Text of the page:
So you think you want to be a rock star? I mean, why not? It seems glorious: the endless nights of partying, the girls, the screaming fans. Is that really what you want? Is that why you want to be a musician? For me, it's far different.
I grew up going to a small school with a divorced family and not a lot of money. My favorite dog died. Sounds like the start of a country song, right? My point is this: We come from all walks of life but most aspire to be something great. A doctor, a lawyer, a sports star or a rock star. Rock star is definitely top five, and while they probably don't always admit it, I'd venture to say that those doctors and lawyers still have daydreams of being on stage for thousands of fans.
My job is the greatest job on the planet. I get to sing for a living, along with making other noises most people over the age of 30 require earplugs to endure. However, neither girls, drugs nor alcohol paved my path to where I am now. I wanted to make a difference. I wanted to impact people's lives, just like I was impacted by music as a kid going through the trials of life.
For many, the idea of a rock star is to be mysterious or larger than life. Some are this way naturally, and some do a great job at pretending. While there are many frontmen out there drinking and doing drugs to the point where it affects their performance, I'm busy taking care of myself mentally, physically and emotionally. Those things are important if you want to be a strong frontman. I have the drive to be the best, to be consistent and to give our fans a show worth the money they paid and more. Without that drive, you're not a “rock star” in my book.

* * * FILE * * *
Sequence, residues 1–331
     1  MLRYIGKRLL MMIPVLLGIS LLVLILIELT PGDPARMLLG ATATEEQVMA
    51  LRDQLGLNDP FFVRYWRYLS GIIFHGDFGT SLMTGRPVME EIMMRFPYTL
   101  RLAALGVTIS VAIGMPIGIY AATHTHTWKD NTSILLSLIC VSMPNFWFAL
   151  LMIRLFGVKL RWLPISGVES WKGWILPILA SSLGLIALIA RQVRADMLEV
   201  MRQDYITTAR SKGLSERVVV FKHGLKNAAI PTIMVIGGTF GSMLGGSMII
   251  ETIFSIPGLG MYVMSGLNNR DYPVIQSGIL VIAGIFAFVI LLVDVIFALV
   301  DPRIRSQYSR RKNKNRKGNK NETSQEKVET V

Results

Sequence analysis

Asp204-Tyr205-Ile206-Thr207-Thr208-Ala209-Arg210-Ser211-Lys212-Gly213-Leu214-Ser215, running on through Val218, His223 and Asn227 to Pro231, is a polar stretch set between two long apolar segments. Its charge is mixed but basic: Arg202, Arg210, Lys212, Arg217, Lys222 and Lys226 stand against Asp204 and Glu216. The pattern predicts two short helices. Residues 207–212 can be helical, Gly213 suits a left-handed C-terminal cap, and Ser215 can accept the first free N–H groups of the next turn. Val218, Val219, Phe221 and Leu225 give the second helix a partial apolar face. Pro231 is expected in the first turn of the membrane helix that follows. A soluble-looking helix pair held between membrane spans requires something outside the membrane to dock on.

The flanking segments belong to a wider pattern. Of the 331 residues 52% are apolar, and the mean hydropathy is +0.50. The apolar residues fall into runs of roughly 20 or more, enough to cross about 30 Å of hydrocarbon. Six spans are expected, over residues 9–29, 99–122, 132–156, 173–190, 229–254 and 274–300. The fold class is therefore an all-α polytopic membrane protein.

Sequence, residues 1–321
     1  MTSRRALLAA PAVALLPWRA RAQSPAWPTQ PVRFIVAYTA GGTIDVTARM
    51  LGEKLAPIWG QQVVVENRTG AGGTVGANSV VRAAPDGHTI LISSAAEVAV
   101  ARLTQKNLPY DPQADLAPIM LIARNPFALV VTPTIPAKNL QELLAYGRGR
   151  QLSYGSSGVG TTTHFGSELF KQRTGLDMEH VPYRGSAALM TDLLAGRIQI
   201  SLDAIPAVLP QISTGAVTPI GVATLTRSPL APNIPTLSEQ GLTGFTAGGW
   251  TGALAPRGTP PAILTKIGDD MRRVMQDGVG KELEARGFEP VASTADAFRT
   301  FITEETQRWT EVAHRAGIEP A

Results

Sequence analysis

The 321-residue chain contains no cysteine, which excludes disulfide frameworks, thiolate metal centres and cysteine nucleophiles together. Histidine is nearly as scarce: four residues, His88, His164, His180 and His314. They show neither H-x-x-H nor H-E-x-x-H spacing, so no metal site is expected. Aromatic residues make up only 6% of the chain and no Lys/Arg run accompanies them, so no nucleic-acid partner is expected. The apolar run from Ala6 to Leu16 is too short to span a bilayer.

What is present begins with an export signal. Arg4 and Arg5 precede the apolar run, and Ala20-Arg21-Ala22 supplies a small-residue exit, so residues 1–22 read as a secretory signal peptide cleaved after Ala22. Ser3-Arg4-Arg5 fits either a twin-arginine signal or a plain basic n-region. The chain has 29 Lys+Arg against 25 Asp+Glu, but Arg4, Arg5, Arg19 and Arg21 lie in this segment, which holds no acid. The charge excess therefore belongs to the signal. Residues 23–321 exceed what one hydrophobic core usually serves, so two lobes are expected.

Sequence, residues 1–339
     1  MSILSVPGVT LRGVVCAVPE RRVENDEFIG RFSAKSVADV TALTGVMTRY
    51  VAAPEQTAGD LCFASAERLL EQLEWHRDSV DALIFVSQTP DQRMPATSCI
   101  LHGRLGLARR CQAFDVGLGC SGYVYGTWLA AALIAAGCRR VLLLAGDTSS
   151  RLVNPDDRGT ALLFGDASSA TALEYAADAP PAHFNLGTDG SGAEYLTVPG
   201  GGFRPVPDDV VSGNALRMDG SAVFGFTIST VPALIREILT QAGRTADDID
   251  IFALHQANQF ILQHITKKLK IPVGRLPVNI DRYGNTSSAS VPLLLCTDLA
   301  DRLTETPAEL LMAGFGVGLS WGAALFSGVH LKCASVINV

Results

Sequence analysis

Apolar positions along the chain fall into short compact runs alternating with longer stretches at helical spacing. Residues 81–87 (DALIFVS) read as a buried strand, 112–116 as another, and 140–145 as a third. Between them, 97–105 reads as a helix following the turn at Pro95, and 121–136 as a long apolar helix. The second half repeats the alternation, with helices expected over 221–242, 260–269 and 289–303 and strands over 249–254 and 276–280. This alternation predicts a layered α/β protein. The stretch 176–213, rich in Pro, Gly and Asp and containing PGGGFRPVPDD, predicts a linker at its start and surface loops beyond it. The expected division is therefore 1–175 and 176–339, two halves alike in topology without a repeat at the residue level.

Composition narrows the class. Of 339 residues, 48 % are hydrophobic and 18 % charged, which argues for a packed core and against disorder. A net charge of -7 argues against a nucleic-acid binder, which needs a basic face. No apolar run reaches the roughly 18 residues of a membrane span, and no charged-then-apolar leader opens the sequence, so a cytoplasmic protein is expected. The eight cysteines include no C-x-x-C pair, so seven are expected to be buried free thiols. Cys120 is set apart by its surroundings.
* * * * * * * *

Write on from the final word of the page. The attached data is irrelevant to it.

I've chosen a different route and a different formula. I believe musicians have the ability to do great things. We're in the public eye, so why not use that for something positive? When you're 40 years old and looking back on your career, do you want to be able to recollect only a fourth of your experiences? Or would you like to look back with countless stories of how someone came up to you and told you that you saved their life, made it possible for them to overcome an obstacle in life, or how you inspired them to become a musician, as well?
I believe remaining humble and appreciating the fans (who, on all accounts are the reason for our success as musicians) is the only way to be. I've struggled at times, wondering if maybe it would benefit my band as a whole to distance myself from some of the ideals I hold true. Then I remember how my parents raised me and how my grandparents would remind me, “You're a Smith—act like one” if I ever got out of line.
You see, for me, being “normal” is the best success story there is. I'm just a normal dude who happened to have the balls to get in a van one day and start touring. That mentality to just “get in the van and go” is what has carried me this far, so why give it up now? I understand the phrase “to each his own” comes into play here. I just feel that as musicians, we aren't gods put on this earth for others enjoyment. We are people who love music and want to continue the cycle of musicians making music for the passion, not the payout.
I'm a normal dude from Kettering, Ohio. I couldn't scream when I started. I could barely play guitar, and I had only really sang in a school choir (mostly because of the girls). I want to remember that when I'm on stage, whether it's for 50 people or 50,000. I'm just like you, and I think that's what all “rock stars” should remember. Because what is success without appreciation? What is success without the knowledge that at any given moment, it could all be over? I know that for me, I will never take one moment for granted on stage as long as I'm blessed with the opportunity to do what I love.